With adoption, it’s easy to feel alone and like it’s not fair. My dear, I’m here to tell you that it is possible to find joy and even comfort in waiting. It’s taken me three home studies, three very different waiting periods, an unfathomable amount of money, buckets of tears, several “she didn’t pick us” moments, and three precious children to be able to write this next part. I hope my mistakes, fears, and boldness to wear my heart on my sleeve encourages and equips you to wait well during the adoption process.
10 Things I Learned While Waiting For My Children
1. Your flexibility will be tested, but you will not break.
Educate yourself about adoption through books, conferences, other couples, and many other resources. That knowledge will make you very bendy! (I’ve included a list of resources I recommend at the end of this article!)
2. Stay on course.
Remember that the word “fair” is relative. Everyone has “it’s not fair” situations in life. Your path is not only fair but it is perfect. It’s yours. The adoption journey is like traveling. There is a destination—a baby. We all arrive at our destinations, but some people don’t make any stops, some take detours—both planned and unplanned—some go slower and check out the scenery along the way. I think you get the analogy. You may feel like your car has run out of gas, like you’re stuck on the side of the road, left for dead, but fear not—your little inner GPS lady is just recalculating and you’ll be back on course in no time.
3. Rejoice with others.
I know it’s hard to celebrate with anyone who gets pregnant when you’ve tried so hard and are still waiting for your moment, but they are being given a gift, and gifts deserve celebration. It doesn’t mean they’re better than you or did something to deserve this and you didn’t. Don’t envy anyone who gets pregnant easily, even your friends that get pregnant the first month they started trying. When you learn to truly rejoice with people who get pregnant, you’re there. You’ve found the joy in waiting because you realize that people get pregnant all the time but you’ve been chosen for something rare and precious. Children, no matter how they are added to your family, are a gift, not something we deserve or is due to us. Jealousy breeds resentment. Resentment breeds obsession, among other unflattering qualities.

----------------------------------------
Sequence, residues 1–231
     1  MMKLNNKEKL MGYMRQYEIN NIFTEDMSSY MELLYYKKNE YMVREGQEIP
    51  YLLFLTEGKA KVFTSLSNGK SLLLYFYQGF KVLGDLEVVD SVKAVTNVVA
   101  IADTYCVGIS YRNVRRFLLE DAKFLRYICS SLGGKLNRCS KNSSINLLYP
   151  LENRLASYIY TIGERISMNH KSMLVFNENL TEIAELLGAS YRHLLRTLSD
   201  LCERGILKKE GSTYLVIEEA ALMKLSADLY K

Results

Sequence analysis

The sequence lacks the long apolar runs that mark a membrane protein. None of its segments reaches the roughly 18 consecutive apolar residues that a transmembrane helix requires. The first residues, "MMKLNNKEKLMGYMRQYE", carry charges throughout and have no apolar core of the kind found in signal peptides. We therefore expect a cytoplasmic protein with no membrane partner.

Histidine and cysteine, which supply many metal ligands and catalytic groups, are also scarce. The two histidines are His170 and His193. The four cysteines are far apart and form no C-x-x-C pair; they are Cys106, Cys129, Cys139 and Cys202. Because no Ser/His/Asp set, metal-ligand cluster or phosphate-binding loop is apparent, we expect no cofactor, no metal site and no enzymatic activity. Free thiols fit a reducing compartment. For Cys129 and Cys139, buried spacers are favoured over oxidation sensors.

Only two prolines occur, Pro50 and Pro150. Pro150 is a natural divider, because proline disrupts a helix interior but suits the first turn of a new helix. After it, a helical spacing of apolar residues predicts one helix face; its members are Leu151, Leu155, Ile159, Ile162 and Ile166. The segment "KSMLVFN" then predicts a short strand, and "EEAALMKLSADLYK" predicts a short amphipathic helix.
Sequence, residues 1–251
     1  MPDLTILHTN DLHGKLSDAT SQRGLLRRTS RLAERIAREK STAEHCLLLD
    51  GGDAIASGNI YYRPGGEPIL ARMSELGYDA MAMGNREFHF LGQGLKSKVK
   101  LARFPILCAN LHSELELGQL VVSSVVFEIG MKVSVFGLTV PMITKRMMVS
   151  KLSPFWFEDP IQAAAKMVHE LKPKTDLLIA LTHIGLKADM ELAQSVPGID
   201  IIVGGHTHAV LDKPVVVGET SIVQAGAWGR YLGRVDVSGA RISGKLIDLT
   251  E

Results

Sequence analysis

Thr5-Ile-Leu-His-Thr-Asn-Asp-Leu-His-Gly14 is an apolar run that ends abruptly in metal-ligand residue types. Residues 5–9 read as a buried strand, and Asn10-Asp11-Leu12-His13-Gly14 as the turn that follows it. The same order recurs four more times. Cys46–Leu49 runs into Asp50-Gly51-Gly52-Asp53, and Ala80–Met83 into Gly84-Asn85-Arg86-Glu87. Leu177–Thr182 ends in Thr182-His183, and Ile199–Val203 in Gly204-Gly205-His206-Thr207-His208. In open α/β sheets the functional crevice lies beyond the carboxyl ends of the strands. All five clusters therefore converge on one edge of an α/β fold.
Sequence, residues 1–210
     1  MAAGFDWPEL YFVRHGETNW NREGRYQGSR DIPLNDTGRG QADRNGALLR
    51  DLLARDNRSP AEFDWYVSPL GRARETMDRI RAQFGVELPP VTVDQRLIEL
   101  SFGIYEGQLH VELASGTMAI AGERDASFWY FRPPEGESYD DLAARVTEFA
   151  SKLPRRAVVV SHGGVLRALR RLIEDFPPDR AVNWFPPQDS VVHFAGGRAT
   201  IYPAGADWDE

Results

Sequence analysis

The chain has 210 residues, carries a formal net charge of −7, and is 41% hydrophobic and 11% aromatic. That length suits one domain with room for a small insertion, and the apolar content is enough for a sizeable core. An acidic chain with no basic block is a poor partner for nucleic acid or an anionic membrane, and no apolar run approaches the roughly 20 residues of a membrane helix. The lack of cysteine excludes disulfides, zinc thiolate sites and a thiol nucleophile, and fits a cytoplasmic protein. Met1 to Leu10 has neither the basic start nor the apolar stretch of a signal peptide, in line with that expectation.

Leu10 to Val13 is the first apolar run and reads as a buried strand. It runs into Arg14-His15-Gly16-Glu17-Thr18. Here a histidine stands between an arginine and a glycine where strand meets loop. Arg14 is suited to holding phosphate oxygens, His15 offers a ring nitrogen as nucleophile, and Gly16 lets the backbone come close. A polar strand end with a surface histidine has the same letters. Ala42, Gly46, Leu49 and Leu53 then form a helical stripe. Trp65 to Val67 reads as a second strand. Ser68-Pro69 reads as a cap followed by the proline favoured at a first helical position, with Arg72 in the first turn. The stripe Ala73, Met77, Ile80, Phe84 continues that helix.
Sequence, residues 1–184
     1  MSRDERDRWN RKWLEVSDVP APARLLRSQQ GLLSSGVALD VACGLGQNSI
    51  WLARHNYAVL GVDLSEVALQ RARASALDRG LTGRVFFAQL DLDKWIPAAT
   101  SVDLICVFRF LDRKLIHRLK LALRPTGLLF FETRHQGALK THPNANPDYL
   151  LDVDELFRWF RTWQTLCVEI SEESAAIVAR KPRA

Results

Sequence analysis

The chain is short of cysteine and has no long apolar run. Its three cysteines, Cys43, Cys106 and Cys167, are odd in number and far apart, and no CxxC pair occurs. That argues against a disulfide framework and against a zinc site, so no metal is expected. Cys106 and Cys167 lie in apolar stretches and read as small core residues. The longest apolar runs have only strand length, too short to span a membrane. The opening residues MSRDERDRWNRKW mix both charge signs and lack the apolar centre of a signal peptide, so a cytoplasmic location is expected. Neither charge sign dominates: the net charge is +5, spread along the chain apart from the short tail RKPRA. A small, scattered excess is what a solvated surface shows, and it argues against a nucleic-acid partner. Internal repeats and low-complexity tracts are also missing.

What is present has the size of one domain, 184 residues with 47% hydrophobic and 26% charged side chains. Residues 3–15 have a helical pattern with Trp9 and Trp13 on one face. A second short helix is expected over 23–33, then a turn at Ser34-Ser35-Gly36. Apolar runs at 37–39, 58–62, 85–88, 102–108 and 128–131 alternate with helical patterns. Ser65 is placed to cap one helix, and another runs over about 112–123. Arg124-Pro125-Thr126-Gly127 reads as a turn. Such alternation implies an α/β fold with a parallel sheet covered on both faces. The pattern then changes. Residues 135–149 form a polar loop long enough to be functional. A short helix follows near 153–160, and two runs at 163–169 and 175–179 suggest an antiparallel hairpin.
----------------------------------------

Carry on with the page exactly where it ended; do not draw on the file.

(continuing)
4. Adoption, or waiting, rather, doesn’t define you.
You are a wife, daughter, friend, co-worker, aunt, sister, etc. Those people need you to fulfill that role in their lives with or without children. Those relationships are here and present now, so enjoy them and be you.
5. If you’re married, don’t forget your husband.
He was your first love. Yes, you’re going to love that baby in a way that is indescribable but remember the person you want to raise that baby with. Remember that being a parent will be so fulfilling because of the teammate you are on the front lines with. So often, women become moms and their husband can’t compete anymore. In your case, let your husband know that he still matters. With or without a baby, he needs to know he still has your heart. (If you’re adopting as a single woman, don’t miss Kendrick’s story!)
6. Don’t look so far ahead that you miss what’s right in front of you.
Many times we live with the “if, then” mentality. If we could just get matched, then… If we could just get to placement, then… If I could just be a mom, then… See what you do have at this very moment and cherish it.
7. Be willing to love with a part of your heart that is fragile and delicate.